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TOKYO METRO SUBWAY SYSTEM PRODUCTION OF DESIGN CRITERIA FOR A PASSENGER GUIDANCE SYSTEM

In April 2004, Tokyo Metro (formerly Teito Rapid Transit Authority) was privatized with an emphasis on “passengers' viewpoints” and “self-sustaining operation.” In order to improve facilities for passengers, and revamp its passenger guidance system, Tokyo Metro appointed R.E.I. as its designer.

R.E.I. produced design criteria for a passenger guidance system from the viewpoints of three types of passengers: (1) conventional passengers, senior passengers, and disabled passengers, (2) tourists from foreign countries, and other parts of the country, and (3) those who seek an aesthetically pleasing urban environment in Tokyo.

Process of producing a sign system

A sign system for the former Eidan Subway was shaped in 1975. There have been major social changes since then: (1) aging passengers, (2) international urbanization in Tokyo, and (3) the complexity of urban traffic, and advanced service for passengers.

Problems cannot be solved simply by enlarging signs or increasing the number of signs because of spatial restriction in the existing stations. R.E.I. conducted an investigation and an analysis on passengers' essential, important needs. Based on them, R.E.I. reorganized the content of signage drastically, conducted a study on the size of letters/characters, and coloration, and reviewed regulations.

1. Survey on passengers' needs
Monitoring surveys were conducted among aged passengers and disabled passengers. Questionnaires were issued to passengers in order to find out their impression about the subway. Questionnaires were also issued to foreign travelers. Their difficulty in understanding the subway system was analyzed.
2. Investigations and experiments on performance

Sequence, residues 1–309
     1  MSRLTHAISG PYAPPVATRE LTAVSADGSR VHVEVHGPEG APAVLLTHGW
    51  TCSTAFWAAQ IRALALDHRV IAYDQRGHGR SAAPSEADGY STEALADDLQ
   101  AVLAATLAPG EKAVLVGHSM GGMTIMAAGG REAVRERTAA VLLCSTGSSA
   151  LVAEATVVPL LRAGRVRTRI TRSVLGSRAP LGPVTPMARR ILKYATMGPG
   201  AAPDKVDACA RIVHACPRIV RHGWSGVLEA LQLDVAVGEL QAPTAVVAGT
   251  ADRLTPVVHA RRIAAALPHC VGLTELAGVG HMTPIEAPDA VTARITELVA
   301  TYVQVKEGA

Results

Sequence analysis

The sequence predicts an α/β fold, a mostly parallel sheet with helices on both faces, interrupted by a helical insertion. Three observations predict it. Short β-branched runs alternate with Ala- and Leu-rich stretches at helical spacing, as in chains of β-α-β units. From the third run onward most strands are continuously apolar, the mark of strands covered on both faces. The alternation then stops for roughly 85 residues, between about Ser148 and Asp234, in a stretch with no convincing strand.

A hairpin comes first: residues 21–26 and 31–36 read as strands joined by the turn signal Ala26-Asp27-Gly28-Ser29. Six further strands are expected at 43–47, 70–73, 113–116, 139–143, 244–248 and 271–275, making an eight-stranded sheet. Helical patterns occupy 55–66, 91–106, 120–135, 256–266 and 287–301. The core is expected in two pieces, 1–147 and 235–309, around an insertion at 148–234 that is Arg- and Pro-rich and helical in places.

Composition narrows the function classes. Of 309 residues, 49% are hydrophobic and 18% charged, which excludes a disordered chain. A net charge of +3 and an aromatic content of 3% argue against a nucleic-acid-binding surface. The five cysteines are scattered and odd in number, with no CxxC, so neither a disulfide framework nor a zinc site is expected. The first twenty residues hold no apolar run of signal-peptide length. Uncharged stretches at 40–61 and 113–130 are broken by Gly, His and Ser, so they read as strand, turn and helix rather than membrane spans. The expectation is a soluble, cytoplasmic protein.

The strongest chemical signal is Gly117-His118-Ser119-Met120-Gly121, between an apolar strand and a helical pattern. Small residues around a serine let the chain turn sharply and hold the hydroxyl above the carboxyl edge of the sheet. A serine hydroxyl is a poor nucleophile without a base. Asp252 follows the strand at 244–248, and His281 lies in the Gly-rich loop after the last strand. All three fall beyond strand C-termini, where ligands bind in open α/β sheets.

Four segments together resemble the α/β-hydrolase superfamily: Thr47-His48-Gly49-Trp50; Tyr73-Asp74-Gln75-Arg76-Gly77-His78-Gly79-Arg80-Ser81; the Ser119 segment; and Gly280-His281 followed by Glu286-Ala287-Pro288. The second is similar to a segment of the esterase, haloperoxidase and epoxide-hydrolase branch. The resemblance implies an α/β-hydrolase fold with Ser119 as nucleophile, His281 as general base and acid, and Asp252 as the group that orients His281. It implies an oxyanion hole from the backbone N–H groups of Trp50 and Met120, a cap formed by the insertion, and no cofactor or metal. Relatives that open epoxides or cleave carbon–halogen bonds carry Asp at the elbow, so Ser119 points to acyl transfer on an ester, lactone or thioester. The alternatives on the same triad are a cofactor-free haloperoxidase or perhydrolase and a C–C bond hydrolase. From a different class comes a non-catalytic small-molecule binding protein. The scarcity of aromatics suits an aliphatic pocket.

R.E.I. conducted investigations and experiments in a laboratory and at the stations in order to find out appropriate typefaces, colors and contrasts in consideration of aging passengers with weakened eyesight, passengers with reduced vision as well as passengers' sense of color.
3. Regulations of signage layouts
It is important to always provide a guidance system under the same rule. In order to set up a system that makes passengers feel secure, and guides them properly, designers must fully understand the stations and passengers.
4. Production and compilation of standard drawings
R.E.I. produced and compiled standard drawings specifying the dimensions of signs, the locational relations of signs, terms, letters/characters, and colors. Based on the standard drawings, design will be finalized and signage will be maintained.
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[Questionnaire about station numbers]

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[Compared performance of typefaces]

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[Legend of routes used for a fare chart considerate of visually-impaired persons]
Each color was outlined, and gradation was given to unidentifiable colors. The name of each color was also added.